Guinness brewery St James Gate with yellow harp icon and Guinness wordmark.

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The Secrets Beyond St. James’s Gate in Dublin

The St. James's Gate in Dublin city centre features gold lettering: GUINNESS. What lies beyond this towering black gate? Read on as we explore this mystery.

Estimated reading time: 5 minutes 

Have you ever wondered what really goes on beyond the iconic black gates in the heart of Dublin? We’ve ventured inside to uncover the journey of the iconic beer, from the moment Michael Ash added nitrogen to the first pint, to how Guinness is contributing to positive social change in society.

Steeped in History

Over 250 years ago, Arthur Guinness signed a 9000-year lease on a derelict brewery at St. James's Gate, Dublin, and so began the story of Guinness. Since then, generations have guarded the precious liquid and upheld its tradition of innovation and science.

In 1959, Guinness was the first brewery to use nitrogen in its beer, resulting in a smoother, creamier finish. The brand has continued to push the boundaries, with creative advertising campaigns such as Made of More and The Sapeurs, along with enterprising projects like the Brewers Project in 2014.

The Brewers Project

At St. James's Gate, the Brewers Project is a hub of beer exploration and passion, where some of the brightest brewing minds have been brewing and refining techniques since the Industrial Revolution.

The Brewers Project provided today’s brewers with a license to explore new recipes, reinterpret old ones, and collaborate to bring exciting beers to life. The project has created many successful beers, such as Dublin Porter, Hop House 13, and the Guinness Rye Pale Ale.

This experimental brewery at St. James’s Gate has been functioning for over 100 years and is the main hub for all trials, experimentation and new innovations.

Numbered list of “10 facts you didn’t know about Guinness.” Next to the Harp icon of the Guinness logo.

Pushing the Boundaries

Today the pursuit of Guinness’ innovation is as crucial as it was at the beginning and is still intertwined as a vibrant part of the brand’s story. They invest as much in their people as they do in their beer.

  • Water for Life Africa - In 2007, Guinness launched Water for Life, a project focussed on helping to provide safe drinking water to people and has completed over 200 projects across Africa.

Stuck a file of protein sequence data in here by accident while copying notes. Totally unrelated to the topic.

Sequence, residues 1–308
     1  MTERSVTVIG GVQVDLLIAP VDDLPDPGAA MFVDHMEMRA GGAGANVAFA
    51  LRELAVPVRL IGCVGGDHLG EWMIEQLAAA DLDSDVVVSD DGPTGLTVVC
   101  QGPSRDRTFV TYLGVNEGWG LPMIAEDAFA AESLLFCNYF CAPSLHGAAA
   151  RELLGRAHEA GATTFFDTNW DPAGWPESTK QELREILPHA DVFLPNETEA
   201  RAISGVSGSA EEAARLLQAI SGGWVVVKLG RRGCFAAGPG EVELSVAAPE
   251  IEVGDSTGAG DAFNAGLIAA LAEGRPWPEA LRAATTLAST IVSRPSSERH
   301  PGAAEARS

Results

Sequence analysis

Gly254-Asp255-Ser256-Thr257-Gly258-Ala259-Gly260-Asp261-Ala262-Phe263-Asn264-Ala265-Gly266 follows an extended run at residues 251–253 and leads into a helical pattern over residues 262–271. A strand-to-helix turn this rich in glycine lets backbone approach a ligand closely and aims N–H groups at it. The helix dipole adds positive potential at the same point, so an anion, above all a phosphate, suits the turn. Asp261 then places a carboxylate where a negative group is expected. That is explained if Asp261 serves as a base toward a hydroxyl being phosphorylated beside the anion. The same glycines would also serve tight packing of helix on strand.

• The Leary Firefighters Foundation - ‘Backing the Bold’ is something Guinness has been known for. In response to the 1999 Cold Storage fire, Guinness has been supporting the foundation through funding and resources to provide the best available technology and training to U.S. firefighters.

The Surge and Settle

Michael Ash was the brains behind the “surge and settle” effect that Draught Guinness is famous for, thanks to his 'Easy Serve' system. He joined Guinness in 1951 and changed the approach to the craft entirely. He dreamt up the idea of adding nitrogen to the beer to ensure the smooth serves.

The Perfect Pour

In the late 1950s/early 1960s, as Michael Ash and his team perfected the nitrogenated stout, our brewers and scientists noted that, to attain a solid, substantial head, a two-part pour was optimal for two reasons:

  1. It guarantees the perfect taste – The creamy, nitrogenated head of Guinness has a bitter note to it that is crucial to the beer’s overall flavour profile.
  2. It delivers the perfect visual presentation – The combination of a consistent surge, the perfect head height and the perfect dome result in a visually appealing, perfect serve.

Watch the video below to learn how to pour the perfect pint of Guinness.

Watch Now: How to Pour the Perfect Pint of Guinness

It’s what’s inside that counts

Guinness is lovingly made from start to finish and that is what makes it stand out. This process entails:

  • Barley – It all begins with Irish barley. The barley is crushed and mixed with water from Poulaphouca Reservoir. It is then heated at 232°C and mashed to separate the grain from the liquid, producing the dark–roasted barley that gives Guinness its famous taste.
  • Hops – These are combined with the roasted barley to give Guinness its perfectly balanced flavour. The sweet wort is then boiled for 90 minutes before it is left to cool and settle.
  • Yeast – Guinness yeast is a strain that has been handed down through generations. A reserve amount is kept under lock and key just in case anything happens to the main supply. This secret yeast ensures the beer is perfectly fermented and packed with the iconic Guinness flavour.
  • Nitrogen – This is the groundbreaking innovation that makes Guinness better than all the rest. It is added during packaging after it has its ‘head’ height tested to make sure it perfectly embodies the smooth creamy head that Guinness is so famous for.
  • Sensory panel – Before any beer leaves the gates, it is tested by a sensory panel to ensure everything is of the highest quality. 

Today, you can enjoy a pint of the black stuff in over 150 countries worldwide. No matter where you find it, you can rest assured it’s been brewed to the same high standards.

Key Takeaways

  • Arthur Guinness signed a 9,000 year lease over 250 years ago.
  • By 1880s, the St. James's Gate Brewery was the largest in the world.
  • The same four ingredients have been used to make Guinness for over 250 years - barley, water, hops and yeast.
  • Guinness can be found in over 150 countries worldwide. 

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